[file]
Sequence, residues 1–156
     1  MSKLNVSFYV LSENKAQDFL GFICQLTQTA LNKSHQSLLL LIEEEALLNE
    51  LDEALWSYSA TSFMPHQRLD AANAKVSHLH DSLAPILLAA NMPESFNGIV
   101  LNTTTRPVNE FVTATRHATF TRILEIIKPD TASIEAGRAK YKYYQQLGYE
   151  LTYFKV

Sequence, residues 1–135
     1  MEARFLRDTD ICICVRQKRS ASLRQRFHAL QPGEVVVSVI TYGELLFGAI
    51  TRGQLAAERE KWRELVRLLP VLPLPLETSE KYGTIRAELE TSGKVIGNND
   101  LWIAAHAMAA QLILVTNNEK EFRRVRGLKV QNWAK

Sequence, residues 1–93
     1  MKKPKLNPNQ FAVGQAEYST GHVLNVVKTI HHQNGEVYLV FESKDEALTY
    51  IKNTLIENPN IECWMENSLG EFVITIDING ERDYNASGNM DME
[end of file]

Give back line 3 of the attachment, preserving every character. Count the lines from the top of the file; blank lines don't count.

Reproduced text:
    51  LDEALWSYSA TSFMPHQRLD AANAKVSHLH DSLAPILLAA NMPESFNGIV